And here002’s a picture of Cara, a young woman with multiple craft skills who stopped in to see us Sunday during our grand opening. She wove the wall hanging in a class she took in Peru and bought the belts from a backstrap weaver there.

Wednesday, December 9, 2009

sutherland is open!

The studio in Asheville’s River Arts District is open. Barb Butler and I are so excited sometimes we just look across the room at each other and start grinning.

We will eventually have two rooms in Curve 004Studios, sharing wall space with another artist who works in clay and jewelry. For now we’re cozy in our front studio, weaving away on two of our baby wolf looms.

We also just signed up our first weaving student for the Weaving I class starting in January. Yeah! Our grand opening is this weekend and we’ve been handing out invitations and postcards to spread the word.

I’ve included a few pictures of our studio and merchan011dise displays. The top one is the front door. We’re the red door on the right (signage to come); Pattiy Torno is the double door on the left. It was actually snowing that day! The center pic is the merchandise display you see walking in the front door. The bottom one is a view from our future second room back into the corner where Barb’s loom is set up. By the way the painting on the wall is by her husband. We’re a multi-media studio.

It’s a work in progress and we’re missing a bit of fur015niture, which should arrive tomorrow. We are learning something new every day about gallery retailing, and Pattiy has been sharing great advice.

If you’re in Asheville this weekend, please stop by our grand opening for snacks, coupons and conversation. We welcome your comments and suggestions.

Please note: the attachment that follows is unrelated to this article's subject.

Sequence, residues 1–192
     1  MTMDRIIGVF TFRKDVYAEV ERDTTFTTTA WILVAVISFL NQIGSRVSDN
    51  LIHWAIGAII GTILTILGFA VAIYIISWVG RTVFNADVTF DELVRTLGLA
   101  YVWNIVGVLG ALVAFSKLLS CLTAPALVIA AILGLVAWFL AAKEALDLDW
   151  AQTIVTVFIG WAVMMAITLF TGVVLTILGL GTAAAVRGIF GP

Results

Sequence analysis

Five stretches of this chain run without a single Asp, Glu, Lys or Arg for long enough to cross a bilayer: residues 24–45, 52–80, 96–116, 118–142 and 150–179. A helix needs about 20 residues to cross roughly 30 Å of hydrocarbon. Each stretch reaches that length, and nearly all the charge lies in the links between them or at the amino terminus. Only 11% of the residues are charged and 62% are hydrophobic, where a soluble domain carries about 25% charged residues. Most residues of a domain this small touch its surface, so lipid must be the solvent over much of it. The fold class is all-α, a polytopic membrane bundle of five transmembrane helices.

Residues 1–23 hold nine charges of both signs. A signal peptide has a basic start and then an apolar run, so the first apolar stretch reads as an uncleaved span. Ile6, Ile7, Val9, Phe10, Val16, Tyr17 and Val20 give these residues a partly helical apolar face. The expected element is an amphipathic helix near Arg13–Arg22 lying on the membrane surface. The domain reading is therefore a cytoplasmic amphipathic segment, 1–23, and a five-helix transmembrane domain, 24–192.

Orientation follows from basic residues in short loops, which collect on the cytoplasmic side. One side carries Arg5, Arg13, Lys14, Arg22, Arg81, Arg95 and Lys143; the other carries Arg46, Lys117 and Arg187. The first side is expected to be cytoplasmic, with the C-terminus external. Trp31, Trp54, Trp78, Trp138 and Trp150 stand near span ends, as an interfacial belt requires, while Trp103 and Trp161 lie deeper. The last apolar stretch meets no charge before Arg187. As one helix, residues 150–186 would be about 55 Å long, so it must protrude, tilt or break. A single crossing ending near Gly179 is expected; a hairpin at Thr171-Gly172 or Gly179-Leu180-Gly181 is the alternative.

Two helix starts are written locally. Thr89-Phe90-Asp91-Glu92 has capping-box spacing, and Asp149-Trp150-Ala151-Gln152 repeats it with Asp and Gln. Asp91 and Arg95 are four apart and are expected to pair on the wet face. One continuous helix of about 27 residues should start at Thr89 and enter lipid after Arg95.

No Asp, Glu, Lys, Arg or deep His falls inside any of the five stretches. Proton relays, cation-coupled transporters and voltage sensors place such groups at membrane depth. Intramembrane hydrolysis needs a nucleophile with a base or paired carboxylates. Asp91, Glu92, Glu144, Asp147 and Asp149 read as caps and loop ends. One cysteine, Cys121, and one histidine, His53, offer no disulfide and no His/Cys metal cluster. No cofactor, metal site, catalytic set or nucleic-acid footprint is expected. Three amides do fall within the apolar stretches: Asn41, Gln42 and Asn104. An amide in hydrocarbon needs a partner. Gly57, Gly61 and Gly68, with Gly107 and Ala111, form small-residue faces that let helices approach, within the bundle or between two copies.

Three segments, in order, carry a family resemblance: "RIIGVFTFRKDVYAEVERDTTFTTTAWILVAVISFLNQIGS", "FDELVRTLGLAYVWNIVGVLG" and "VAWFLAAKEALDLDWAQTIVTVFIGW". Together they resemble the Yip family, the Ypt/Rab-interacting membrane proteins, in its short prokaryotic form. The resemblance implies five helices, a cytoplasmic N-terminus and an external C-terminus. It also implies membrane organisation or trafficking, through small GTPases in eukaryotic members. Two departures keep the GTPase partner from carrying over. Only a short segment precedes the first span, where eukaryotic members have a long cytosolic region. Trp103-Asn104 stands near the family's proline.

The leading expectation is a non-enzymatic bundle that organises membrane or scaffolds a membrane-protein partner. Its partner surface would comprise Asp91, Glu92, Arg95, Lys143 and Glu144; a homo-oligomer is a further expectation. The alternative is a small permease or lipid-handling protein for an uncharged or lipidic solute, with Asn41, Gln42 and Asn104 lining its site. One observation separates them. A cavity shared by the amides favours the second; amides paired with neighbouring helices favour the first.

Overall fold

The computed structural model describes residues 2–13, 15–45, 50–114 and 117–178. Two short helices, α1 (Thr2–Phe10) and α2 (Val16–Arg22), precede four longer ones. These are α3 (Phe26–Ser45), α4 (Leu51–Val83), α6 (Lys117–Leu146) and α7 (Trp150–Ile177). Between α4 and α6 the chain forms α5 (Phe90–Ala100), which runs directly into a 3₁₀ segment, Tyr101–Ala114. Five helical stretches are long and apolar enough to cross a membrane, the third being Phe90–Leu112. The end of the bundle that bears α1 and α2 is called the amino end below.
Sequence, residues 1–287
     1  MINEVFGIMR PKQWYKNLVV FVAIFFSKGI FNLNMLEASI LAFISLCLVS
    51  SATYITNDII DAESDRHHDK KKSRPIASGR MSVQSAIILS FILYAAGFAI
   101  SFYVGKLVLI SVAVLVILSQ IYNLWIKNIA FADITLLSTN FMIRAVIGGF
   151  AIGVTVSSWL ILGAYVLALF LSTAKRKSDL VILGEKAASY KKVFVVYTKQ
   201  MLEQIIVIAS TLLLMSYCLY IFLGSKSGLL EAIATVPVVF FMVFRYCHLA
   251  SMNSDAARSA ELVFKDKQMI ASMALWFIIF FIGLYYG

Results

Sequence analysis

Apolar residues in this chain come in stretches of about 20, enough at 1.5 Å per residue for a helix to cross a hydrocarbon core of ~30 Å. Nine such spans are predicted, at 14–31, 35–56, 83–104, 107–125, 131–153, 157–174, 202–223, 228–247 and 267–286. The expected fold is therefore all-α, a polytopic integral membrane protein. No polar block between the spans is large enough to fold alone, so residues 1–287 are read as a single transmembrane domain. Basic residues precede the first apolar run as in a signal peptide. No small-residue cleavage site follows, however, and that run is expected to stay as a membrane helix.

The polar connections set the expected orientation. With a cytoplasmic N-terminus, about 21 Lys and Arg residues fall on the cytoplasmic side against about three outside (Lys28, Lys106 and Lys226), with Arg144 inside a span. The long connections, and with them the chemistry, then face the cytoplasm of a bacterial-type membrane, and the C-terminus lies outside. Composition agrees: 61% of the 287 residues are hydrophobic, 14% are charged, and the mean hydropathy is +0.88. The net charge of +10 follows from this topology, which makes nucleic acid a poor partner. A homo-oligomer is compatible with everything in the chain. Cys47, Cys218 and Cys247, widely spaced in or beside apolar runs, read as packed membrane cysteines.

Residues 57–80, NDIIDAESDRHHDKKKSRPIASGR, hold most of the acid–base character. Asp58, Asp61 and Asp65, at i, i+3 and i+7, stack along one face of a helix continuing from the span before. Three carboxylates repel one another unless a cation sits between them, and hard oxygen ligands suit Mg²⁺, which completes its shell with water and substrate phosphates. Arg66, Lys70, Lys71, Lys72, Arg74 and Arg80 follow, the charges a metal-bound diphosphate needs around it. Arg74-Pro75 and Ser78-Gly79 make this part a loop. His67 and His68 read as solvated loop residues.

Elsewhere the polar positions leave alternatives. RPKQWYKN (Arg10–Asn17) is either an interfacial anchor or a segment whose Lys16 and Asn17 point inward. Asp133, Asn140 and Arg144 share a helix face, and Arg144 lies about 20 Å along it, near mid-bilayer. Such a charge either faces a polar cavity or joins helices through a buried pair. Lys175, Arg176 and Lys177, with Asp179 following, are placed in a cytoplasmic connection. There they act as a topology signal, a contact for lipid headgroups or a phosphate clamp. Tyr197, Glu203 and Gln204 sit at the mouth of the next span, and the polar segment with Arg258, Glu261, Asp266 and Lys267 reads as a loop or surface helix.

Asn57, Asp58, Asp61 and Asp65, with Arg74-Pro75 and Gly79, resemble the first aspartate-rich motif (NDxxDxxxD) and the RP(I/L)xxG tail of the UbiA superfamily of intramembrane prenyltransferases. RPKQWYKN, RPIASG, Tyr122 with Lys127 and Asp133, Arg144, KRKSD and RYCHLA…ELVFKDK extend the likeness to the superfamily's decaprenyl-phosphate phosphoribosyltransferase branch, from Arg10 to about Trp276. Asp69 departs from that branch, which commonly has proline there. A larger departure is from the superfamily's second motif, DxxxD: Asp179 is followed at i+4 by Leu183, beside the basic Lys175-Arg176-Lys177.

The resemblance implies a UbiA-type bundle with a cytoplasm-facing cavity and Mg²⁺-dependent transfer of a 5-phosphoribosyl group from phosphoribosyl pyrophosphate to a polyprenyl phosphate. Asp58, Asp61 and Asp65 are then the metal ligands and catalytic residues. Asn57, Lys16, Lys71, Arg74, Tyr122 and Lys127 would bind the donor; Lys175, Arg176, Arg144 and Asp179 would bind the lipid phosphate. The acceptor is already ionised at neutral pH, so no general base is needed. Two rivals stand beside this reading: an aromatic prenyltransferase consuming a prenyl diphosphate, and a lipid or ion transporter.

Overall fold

Tabby Two-Step

Just a note before posting the following. I actually wrote it last week when I was on my way to Asheville. I arrived last Thursday and have been working full out to get the studio organized. I’ll post again with pictures of the new studio, but here is the Two-Step for now.

Testing out the new rayon chenille before the Just Weave class scheduled for January, I put on a warp for two scarves before I left Jersey. One is for my husband who not only drove me 010to Silk City, but waited around for me while I shopped, with only a couple of references to the time. He fancied a super fine cashmere and a black/ivory tweed rayon chenille. The cashmere would have been at least 45 epi, and a fortune even at outlet prices, so I threw the tweed chenille in the basket.

I set up a 2 dark, 2 light color-and-weave warp with black for a little variety. With my warping board in North Carolina already and only the horizontal warping reel left in the New Jersey studio, my first challenge was trying to use the warping paddle with the reel. Couldn’t figure out how to make the crosses with the paddle and the pegs on my reel, so I wound two separate warps and warped front to back, not my preferred method.

Once the warp was on, it wove very quickly with a wonderful tabby rhythm, even with two shuttles for the color-and-weave pattern. I don’t weave a lot of tabby, preferring structural patterns, but I had fun with this. The color-and-weave houndstooth check with the tweed and black held my interest and made a nice subtle patterns for both scarves. I let my husband choose his favorite, which was the one with only a block of the color-and-weave on each end. The other is houndstooth all over except for black ends. It’s headed for the sutherland studio in Asheville, where I am headed this week.

I added a picture of the scarves before I cut them from the loom. The extensions from the apron rod let me weave until the knots were within inches of the heddles, a little trick I learned while working on the COE Level I sam004ples. Multiple times, I ran a little short of warp when what were supposed to be final samples became more practice samples.

I also have a tendency to estimate warp length a little tight. Blame my mother. During our trips to the fabric store, she always looked at the fabric requirements on the back of the pattern and declared, “We don’t need that much.” As I recall, she never ran short of fabric, but she did do some very creative pattern layouts.